Exploits for all - final version of Metasploit 3.0 released
After a number of beta versions, the final version 3.0 of the Metasploit exploit framework has now been released. Administrators can use it to develop tools for testing security vulnerabilities, for example to check whether installation of an update on their internal servers and clients has been successful. Many security specialists also use Metasploit for analysing bugs and determining whether they can be exploited to inject code onto a system.
Metasploit, developed by H.D. Moore, provides tools, libraries and pre-fabricated modules that make creating an exploit almost as simple as assembling it from a series of building blocks. Version 3.0 includes 177 finished exploits, which can be combined with 104 types of payload (shells and the like). In addition, the framework includes various programs for automatically searching for bugs using fuzzing. The WLAN fuzzing tool Lorcon is also now an integral component of Metasploit. The new version has been completely reworked and is now based on the scripting language Ruby instead of Perl.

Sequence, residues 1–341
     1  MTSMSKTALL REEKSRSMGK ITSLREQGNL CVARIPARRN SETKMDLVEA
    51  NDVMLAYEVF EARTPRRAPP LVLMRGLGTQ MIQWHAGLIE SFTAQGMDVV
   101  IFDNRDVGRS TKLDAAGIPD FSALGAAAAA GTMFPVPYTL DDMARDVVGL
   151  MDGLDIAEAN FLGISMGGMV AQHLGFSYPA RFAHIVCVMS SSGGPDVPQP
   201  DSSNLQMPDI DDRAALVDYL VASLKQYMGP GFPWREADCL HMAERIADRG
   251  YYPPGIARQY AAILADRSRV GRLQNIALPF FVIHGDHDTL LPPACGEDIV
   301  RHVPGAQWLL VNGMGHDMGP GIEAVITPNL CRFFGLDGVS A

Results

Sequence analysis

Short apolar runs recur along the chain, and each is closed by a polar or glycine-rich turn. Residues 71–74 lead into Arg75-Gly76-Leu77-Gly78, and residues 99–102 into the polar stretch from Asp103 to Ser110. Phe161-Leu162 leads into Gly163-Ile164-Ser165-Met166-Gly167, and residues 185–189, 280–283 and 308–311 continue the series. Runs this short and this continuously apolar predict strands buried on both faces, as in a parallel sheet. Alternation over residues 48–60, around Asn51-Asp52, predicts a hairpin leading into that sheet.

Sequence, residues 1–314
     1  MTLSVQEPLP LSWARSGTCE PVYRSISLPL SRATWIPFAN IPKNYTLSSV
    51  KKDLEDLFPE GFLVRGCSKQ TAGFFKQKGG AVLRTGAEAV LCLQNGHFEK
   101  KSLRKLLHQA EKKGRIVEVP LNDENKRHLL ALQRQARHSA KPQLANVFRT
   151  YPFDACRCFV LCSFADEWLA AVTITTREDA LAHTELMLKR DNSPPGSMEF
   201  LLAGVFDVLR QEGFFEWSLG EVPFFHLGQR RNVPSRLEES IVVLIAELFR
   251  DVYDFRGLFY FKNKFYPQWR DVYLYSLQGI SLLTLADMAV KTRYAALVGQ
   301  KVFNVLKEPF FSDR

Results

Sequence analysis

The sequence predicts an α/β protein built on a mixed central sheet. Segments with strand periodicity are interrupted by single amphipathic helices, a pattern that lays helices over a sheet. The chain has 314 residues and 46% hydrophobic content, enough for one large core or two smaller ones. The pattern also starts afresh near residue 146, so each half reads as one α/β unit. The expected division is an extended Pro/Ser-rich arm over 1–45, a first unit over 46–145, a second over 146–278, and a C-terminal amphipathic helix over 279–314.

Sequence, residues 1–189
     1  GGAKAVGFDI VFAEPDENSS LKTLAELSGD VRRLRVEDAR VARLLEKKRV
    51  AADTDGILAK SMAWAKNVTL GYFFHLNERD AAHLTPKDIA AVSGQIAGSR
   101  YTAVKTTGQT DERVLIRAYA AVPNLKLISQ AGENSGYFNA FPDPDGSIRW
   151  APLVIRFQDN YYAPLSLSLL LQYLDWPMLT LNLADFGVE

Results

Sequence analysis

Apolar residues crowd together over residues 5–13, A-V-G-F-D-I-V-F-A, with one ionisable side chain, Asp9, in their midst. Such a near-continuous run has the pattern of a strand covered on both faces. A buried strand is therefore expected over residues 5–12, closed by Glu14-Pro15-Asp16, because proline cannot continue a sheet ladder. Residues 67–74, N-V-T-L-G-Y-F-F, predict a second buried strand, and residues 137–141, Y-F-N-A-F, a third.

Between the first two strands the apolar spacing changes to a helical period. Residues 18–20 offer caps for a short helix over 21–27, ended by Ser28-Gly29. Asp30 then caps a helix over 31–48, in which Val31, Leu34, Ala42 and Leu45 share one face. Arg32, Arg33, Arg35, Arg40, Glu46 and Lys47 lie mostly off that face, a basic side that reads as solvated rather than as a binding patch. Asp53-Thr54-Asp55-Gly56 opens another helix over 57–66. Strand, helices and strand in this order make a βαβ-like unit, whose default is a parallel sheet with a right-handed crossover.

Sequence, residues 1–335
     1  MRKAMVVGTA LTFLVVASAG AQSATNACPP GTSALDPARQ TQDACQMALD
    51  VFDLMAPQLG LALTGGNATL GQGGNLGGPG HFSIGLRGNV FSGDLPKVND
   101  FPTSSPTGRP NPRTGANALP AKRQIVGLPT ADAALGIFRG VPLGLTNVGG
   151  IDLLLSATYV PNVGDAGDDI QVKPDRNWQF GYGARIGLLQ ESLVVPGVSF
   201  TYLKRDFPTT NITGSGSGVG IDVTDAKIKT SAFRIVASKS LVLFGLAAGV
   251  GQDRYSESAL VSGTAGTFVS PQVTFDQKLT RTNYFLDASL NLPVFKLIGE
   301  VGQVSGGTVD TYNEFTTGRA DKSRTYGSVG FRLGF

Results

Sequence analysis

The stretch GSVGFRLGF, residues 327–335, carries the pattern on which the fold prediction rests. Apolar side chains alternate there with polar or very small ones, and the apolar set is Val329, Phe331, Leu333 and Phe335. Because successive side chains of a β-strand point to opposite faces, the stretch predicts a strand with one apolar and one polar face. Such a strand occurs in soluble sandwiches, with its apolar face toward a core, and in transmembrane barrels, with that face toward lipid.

Metasploit is available to download as a 6 Mbyte package for Linux, BSD and Mac OS X or as a 10 Mbyte installer for Windows 2000, XP, 2003 and Vista. The background article "Exploits for All" on heise Security talks you through the first steps with Metasploit.
However, recent amendments to information security legislation, which include the criminalisation of the manufacture, provision, distribution or procurement of hacker tools will make the use of tools such as Metasploit problematic. It could even become unlawful to perform internal tests to check the security of your system or to check whether vendor patches really fix vulnerabilities as promised.
- Taking an axe to bugs, background article on heise Security